Eventually, Hamilton had assembled a makeshift, mixed army of about 75,000 soldiers: 18,000 in the 29th Division, a unit of regulars gathered from imperial garrisons; 30,000 Australian and New Zealander volunteers, the ANZACs; 10,000 seamen and marines from the Royal Navy; and 17,000 Frenchmen. However, instead of concentrating the assault on to a spacious landing zone, Hamilton split his force into three: the French to the Asiatic mouth of the Straits, the 29th to five different points round Cape Helles, and the ANZACs further north on the Aegean shoreline of the Gallipoli peninsula.

Though the Turks were taken by surprise and at several beaches no resistance was met, there the early advantage and opportunity were wasted by inertia and lack of command. Instead of advancing immediately up to the dominating heights, Hamilton’s men dug in or near the shore. The momentum was lost, both at Cape Helles and Anzac Cove. Without adequate reinforcements, short of ammunition and under constant fire from Turkish guns above them, the allied soldiers were pinned down in trench warfare.

In August, preliminary success was again won by a surprise landing further up the peninsula at Suvla Bay. Hamilton now had three additional divisions, the Irish of the 10th, the West Countrymen of the 13th, and the Northerners in the 11th. All were from Kitchener’s New Army facing their first ordeal of battle. Commander of all three was Sir Frederick Stopford who had retired in 1909 and in 1914 was Lieutenant of the Tower of London! He chose to control the landings at Suvla from his private sloop and spent most afternoons in siesta. Major General Frederick Hammersley, who was put in charge of the 11th, was even more unsuitable. He had fought at Omdurman in 1898 and had been seriously wounded in South Africa. It was well known that he suffered from an acute nervous disorder and had had at least one mental collapse.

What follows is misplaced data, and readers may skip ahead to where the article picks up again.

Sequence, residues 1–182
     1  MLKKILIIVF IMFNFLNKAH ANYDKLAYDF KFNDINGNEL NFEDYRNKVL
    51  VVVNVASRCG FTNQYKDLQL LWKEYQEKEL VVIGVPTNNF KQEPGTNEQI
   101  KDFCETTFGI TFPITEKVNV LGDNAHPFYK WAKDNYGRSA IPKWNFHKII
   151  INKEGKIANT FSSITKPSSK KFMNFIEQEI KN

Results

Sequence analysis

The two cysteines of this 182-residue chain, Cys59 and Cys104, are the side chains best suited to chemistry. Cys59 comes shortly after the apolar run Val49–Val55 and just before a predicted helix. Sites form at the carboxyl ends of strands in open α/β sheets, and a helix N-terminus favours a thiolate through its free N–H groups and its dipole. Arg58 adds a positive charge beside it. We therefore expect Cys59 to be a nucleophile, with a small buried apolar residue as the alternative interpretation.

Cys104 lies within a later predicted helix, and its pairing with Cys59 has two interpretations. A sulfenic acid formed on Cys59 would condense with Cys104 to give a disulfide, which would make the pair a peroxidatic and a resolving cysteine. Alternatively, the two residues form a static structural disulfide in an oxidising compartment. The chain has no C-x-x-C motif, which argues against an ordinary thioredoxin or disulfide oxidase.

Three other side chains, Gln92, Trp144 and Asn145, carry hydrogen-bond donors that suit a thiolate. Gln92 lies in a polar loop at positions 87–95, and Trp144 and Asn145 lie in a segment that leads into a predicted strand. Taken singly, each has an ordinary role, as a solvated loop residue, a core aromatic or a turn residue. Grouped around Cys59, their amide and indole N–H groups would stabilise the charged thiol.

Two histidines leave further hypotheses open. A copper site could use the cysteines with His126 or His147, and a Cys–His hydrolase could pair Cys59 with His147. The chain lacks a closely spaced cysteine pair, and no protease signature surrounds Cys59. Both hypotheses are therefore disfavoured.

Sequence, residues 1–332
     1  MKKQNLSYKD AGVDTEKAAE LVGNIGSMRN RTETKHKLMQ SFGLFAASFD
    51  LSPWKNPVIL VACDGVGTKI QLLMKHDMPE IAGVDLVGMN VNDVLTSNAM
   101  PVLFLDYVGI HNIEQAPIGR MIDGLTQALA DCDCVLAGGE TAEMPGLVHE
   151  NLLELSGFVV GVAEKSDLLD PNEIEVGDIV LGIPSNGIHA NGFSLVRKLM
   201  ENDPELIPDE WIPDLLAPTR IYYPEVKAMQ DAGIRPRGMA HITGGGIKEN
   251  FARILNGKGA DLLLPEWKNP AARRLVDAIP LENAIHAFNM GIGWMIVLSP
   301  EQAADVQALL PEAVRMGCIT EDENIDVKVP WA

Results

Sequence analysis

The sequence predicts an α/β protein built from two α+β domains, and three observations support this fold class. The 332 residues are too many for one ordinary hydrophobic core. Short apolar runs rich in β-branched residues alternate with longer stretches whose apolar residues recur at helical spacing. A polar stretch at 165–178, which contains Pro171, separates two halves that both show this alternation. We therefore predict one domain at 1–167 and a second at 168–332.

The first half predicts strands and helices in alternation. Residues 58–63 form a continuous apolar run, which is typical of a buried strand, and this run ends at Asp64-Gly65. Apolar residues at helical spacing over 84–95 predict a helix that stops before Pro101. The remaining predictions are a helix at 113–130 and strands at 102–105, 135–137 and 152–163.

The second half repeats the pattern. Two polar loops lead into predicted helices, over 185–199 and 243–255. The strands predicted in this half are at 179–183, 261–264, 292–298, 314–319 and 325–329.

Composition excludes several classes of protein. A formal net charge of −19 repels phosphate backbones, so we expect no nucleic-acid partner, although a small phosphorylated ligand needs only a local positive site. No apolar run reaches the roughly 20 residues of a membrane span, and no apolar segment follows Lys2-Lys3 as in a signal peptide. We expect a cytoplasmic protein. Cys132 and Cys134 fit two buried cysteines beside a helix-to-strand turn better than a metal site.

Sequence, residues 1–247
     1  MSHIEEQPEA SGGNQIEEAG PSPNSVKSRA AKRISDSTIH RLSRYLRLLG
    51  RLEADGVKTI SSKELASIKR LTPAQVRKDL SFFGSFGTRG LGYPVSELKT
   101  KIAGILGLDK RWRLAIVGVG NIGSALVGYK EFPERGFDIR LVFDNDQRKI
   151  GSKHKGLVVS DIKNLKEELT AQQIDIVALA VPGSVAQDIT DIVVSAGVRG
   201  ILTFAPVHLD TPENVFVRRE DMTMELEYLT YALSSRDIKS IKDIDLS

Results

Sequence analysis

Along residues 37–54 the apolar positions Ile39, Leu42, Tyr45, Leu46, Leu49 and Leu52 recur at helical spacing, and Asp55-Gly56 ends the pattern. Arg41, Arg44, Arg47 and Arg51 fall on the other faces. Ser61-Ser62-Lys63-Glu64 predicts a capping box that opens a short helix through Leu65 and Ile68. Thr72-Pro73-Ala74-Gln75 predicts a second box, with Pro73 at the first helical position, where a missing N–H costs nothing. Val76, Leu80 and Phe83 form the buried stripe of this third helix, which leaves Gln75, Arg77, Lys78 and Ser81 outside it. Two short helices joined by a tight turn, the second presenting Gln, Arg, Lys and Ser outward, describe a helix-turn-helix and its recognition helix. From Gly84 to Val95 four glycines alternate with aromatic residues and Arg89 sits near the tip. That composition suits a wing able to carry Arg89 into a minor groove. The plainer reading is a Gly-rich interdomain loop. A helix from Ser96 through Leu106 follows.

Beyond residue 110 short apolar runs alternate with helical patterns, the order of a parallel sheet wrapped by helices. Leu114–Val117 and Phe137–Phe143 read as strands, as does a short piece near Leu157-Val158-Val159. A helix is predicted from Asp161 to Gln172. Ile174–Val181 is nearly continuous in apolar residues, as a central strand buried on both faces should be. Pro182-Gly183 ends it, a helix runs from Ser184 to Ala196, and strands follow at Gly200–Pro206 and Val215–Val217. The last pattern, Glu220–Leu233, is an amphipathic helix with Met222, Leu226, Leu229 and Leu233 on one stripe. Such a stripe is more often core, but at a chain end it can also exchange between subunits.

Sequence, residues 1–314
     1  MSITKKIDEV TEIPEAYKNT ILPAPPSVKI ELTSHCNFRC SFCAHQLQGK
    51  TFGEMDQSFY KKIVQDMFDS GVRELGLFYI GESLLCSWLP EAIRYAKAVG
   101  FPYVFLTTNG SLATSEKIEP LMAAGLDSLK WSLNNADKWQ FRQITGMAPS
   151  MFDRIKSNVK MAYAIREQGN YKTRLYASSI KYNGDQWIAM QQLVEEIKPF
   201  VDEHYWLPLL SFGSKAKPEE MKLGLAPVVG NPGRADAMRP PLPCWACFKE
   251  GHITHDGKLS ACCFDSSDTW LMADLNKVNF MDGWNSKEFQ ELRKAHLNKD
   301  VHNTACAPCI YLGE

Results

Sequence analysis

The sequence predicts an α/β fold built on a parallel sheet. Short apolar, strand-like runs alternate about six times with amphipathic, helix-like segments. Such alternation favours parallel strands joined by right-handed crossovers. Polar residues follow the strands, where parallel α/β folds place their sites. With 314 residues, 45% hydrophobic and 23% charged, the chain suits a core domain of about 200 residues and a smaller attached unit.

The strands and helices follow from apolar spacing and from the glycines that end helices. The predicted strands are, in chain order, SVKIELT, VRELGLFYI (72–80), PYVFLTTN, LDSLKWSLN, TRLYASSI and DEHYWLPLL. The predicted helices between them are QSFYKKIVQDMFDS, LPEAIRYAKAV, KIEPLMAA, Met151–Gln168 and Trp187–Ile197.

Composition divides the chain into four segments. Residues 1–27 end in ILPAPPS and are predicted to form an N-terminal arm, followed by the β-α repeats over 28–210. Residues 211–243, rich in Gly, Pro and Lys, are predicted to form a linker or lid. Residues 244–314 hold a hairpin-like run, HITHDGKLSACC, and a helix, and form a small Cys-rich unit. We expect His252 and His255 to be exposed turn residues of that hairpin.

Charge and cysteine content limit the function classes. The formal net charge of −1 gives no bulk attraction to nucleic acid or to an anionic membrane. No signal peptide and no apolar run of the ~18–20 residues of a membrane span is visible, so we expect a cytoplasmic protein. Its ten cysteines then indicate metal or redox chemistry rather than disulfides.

Once again, the opportunity to outflank the Turks was wasted by the failure of the generals to order a rapid advance into undefended country. The troops were untrained to fight in exceptional conditions and their senior officers elderly, inexperienced and incompetent. Once again, under continuous artillery and sniper fire, Kitchener’s young men suffered heavy losses on the exposed beaches and foothills.

By August 17, only 10 days after the first landing at 
Suvla Bay, Hamilton was asking for reinforcements to break yet another stalemate. In response, Kitchener demanded that the veteran he had appointed, Stopford, should be sacked and 
Hammersley’s gross negligence was disguised by the claim that he had a dangerous blood clot in his leg.

Hamilton’s replacement in October, Sir Charles Monro, immediately recommended complete evacuation. As Churchill wrote of him, “He came, he saw, he capitulated.” The politicians were at odds, as usual. Churchill wanted to stay; Lloyd George was for withdrawal. In the end, the new Chief of the Imperial General Staff, Sir William Robertson, the first field-marshal ever to enlist as a private in the ranks, introduced a fresh draught of realism. Germany, he said, could be defeated only where its army was fighting on the Western Front. Regardless of the loss of prestige, the campaign had to be abandoned as hopeless. Anzac Cove and Suvla Bay were evacuated in December and the last British troops left Cape Helles the following month. Only the removal of 80,000 men had been carried out with skill and without casualties. The last soldier had gone before the Turks realised it. Altogether the “adventure” had cost the lives of 30,000 British, 11,000 Anzacs, 10,000 Frenchmen and nearly 2,000 Indians.

The Gallipoli campaign continues to excite controversy amongst military historians, but the majority view now is that it was a bungled mistake, strategically wrong and very badly conducted.